One episode told of a craft which crashed in Texas in 1897.  It was reported in the local paper including noting that a body found with the craft was 'not of this world'. The body was buried locally and a tombstone erected. When investigators applied for permission to exhume the body it was refused on the grounds it was on consecrated ground. If interested there is some more information here.

Recently I read a report that an astronomical observatory in New Mexico has been closed down suddenly and taken over by the FBI with no explanation being given and refusals to answer any questions. Report is here.

The more governments try to keep the lid on certain activities the more people will assume there is something untoward going on they don't want us to know about.

I have experienced one phenomenon which was very startling at the time. About 25 years ago I was driving home one dark, wet, stormy night after a 'meet the parents' evening at school. While driving along a narrow country road I saw a bright orange glowing ball which was hovering maybe 20 feet above the ground. It hovered for a while in a field next to a group of trees and then shot straight upwards, still glowing. Unfortunately I was approaching some sharp bends round a wooded area so didn't see what finally happened to it.  I've always put it down as being a ball of glowing plasma. Something which apparently can occur sometimes during electrical storms. There have been reports and the occasional video of such things moving horizontally or rapidly changing direction.

From Wikipedia:
Ball lightning is an unexplained and potentially dangerous atmospheric electrical phenomenon. The term refers to reports of luminous, spherical objects that vary from pea-sized to several meters in diameter. Full text is here.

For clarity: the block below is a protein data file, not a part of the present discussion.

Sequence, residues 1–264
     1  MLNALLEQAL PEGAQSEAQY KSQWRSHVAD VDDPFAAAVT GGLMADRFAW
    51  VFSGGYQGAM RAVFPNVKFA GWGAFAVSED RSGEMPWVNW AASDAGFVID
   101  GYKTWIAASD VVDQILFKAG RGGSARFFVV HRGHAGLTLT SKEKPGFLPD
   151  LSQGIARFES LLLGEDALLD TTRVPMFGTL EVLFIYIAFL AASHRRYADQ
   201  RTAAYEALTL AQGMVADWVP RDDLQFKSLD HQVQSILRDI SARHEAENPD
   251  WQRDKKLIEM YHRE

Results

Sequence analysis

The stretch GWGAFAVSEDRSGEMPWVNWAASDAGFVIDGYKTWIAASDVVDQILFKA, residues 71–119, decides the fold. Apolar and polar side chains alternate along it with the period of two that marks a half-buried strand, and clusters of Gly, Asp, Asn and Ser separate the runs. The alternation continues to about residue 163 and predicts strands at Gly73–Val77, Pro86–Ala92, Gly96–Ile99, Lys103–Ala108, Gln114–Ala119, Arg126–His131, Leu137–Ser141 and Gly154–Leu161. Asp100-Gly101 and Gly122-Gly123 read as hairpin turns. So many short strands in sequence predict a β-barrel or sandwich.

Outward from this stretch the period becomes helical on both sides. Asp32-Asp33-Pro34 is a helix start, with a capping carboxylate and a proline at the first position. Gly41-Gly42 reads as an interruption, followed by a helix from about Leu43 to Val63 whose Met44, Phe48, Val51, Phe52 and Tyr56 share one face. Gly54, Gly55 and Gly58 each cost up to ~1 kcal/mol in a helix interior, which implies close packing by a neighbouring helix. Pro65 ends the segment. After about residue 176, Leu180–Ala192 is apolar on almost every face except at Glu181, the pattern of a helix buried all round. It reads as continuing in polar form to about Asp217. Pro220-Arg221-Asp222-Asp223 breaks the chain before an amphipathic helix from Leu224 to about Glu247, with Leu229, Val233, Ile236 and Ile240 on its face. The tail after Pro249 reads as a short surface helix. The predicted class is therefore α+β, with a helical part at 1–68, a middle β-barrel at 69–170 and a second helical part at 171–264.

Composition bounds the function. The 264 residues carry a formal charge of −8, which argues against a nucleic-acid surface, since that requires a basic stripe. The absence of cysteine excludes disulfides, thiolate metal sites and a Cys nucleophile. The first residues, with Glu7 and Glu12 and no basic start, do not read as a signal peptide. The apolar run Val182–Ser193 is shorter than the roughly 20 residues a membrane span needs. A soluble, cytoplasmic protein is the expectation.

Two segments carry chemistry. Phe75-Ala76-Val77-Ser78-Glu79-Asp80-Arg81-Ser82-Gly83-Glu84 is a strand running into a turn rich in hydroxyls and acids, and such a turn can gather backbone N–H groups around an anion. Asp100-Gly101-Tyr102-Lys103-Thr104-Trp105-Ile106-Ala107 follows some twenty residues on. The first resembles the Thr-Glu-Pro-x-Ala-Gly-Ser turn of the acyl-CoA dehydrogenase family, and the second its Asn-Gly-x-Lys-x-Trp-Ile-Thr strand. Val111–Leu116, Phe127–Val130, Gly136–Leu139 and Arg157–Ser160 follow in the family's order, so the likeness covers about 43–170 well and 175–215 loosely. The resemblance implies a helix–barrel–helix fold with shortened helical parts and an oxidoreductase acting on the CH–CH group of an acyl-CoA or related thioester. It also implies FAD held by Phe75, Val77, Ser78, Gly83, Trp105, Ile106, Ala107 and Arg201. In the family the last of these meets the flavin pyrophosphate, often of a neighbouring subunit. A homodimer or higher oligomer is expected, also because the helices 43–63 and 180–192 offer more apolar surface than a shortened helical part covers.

Thursday, 13 September 2018

A UDO and an IFO

First the UDO (unidentified dangling object)


Every now and then when I notice the DVR is recording from one of my cameras all that can be seen gently wafting in the breeze is a perfectly circular object illuminated by the IR lights.  Is it an as yet unidentified species of legless spider or the world's smallest UFO caught in a web? It shouldn't be a water droplet as it hasn't rained since early morning. No mist and too warm then to cause dew to form.

Now the IFO (identified flying object)

Common Darter Dragonfly DSCN8916

A grounded Common Darter Dragonfly. At first I thought it was dead until it flew away when I tried to move closer. The above is a small crop from the only shot I managed. I've seen several different types of dragon flitting about on our mid-afternoon walks but so far this is the only one I've seen settle for a while.

On a different topic. A bit if a quandary when typing the title to this post. Should UDO have a or an in front of it? If one reads just the initial letters - U D O - when spoken we would say "a U ....". If UDO is read aloud as words one would say "an Unidentified ......" English can get very complicated at times.  Where is my old English teacher when I need him?

Wednesday, 12 September 2018

Wordess Wednesday

Winter flowering Pansy DSCN8877b
Winter Flowering Pansy

Tuesday, 11 September 2018

Drying It Out

I have a nice little video surveillance type camera which, if I remember correctly, is supposed to be sealed against water ingress to IP66 standard. Maybe it was IP55. It worked just fine until I fixed it to a fence panel to monitor for any hedgehog visitors. All went well until we had a couple of 'tropical' downpours. After that it started to mist up when the Sun shone on it and at night when its IR LEDs warmed up. Obviously some moisture had got inside.

Fortunately the body is in two halves with just three screws holding them together. I took off the front half and kept the camera powered up in the conservatory for a few days to evaporate any moisture, though nothing inside looked in the least bit damp. The idea seems to have worked. The camera is now re-assembled and fixed to the side of my shed observing anything which moves at the back end of the garden. Also it is under the overhang of the roof with some self amalgamating tape round the join in the body. That should help to keep it snug and reasonably dry.